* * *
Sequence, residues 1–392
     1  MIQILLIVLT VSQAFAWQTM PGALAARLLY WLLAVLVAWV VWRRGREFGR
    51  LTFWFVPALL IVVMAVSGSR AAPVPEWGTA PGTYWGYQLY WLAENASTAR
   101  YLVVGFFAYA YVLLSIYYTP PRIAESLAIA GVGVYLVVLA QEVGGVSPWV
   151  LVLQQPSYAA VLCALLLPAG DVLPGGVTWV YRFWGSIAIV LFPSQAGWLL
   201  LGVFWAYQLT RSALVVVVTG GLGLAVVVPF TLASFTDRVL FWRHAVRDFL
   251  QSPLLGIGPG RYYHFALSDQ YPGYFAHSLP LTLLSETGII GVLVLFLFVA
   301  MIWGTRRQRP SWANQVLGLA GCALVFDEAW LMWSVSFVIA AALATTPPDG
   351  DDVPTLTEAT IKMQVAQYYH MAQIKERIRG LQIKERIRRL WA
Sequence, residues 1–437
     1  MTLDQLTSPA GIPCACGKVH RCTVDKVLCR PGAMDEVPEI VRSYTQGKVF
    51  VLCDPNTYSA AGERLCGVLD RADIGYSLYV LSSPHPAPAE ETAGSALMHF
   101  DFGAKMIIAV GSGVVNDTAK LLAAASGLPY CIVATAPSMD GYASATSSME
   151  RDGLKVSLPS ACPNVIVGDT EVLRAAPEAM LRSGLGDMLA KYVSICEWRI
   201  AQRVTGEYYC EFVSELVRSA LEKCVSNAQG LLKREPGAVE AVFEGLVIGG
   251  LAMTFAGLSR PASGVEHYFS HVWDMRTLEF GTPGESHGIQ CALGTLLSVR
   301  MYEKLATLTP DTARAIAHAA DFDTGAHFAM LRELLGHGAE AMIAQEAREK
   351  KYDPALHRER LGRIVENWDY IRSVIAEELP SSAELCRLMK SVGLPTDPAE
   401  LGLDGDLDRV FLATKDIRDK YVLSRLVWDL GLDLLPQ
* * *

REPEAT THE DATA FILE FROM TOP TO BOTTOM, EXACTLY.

Sequence, residues 1–392
     1  MIQILLIVLT VSQAFAWQTM PGALAARLLY WLLAVLVAWV VWRRGREFGR
    51  LTFWFVPALL IVVMAVSGSR AAPVPEWGTA PGTYWGYQLY WLAENASTAR
   101  YLVVGFFAYA YVLLSIYYTP PRIAESLAIA GVGVYLVVLA QEVGGVSPWV
   151  LVLQQPSYAA VLCALLLPAG DVLPGGVTWV YRFWGSIAIV LFPSQAGWLL
   201  LGVFWAYQLT RSALVVVVTG GLGLAVVVPF TLASFTDRVL FWRHAVRDFL
   251  QSPLLGIGPG RYYHFALSDQ YPGYFAHSLP LTLLSETGII GVLVLFLFVA
   301  MIWGTRRQRP SWANQVLGLA GCALVFDEAW LMWSVSFVIA AALATTPPDG
   351  DDVPTLTEAT IKMQVAQYYH MAQIKERIRG LQIKERIRRL WA
Sequence, residues 1–437
     1  MTLDQLTSPA GIPCACGKVH RCTVDKVLCR PGAMDEVPEI VRSYTQGKVF
    51  VLCDPNTYSA AGERLCGVLD RADIGYSLYV LSSPHPAPAE ETAGSALMHF
   101  DFGAKMIIAV GSGVVNDTAK LLAAASGLPY CIVATAPSMD GYASATSSME
   151  RDGLKVSLPS ACPNVIVGDT EVLRAAPEAM LRSGLGDMLA KYVSICEWRI
   201  AQRVTGEYYC EFVSELVRSA LEKCVSNAQG LLKREPGAVE AVFEGLVIGG
   251  LAMTFAGLSR PASGVEHYFS HVWDMRTLEF GTPGESHGIQ CALGTLLSVR
   301  MYEKLATLTP DTARAIAHAA DFDTGAHFAM LRELLGHGAE AMIAQEAREK
   351  KYDPALHRER LGRIVENWDY IRSVIAEELP SSAELCRLMK SVGLPTDPAE
   401  LGLDGDLDRV FLATKDIRDK YVLSRLVWDL GLDLLPQ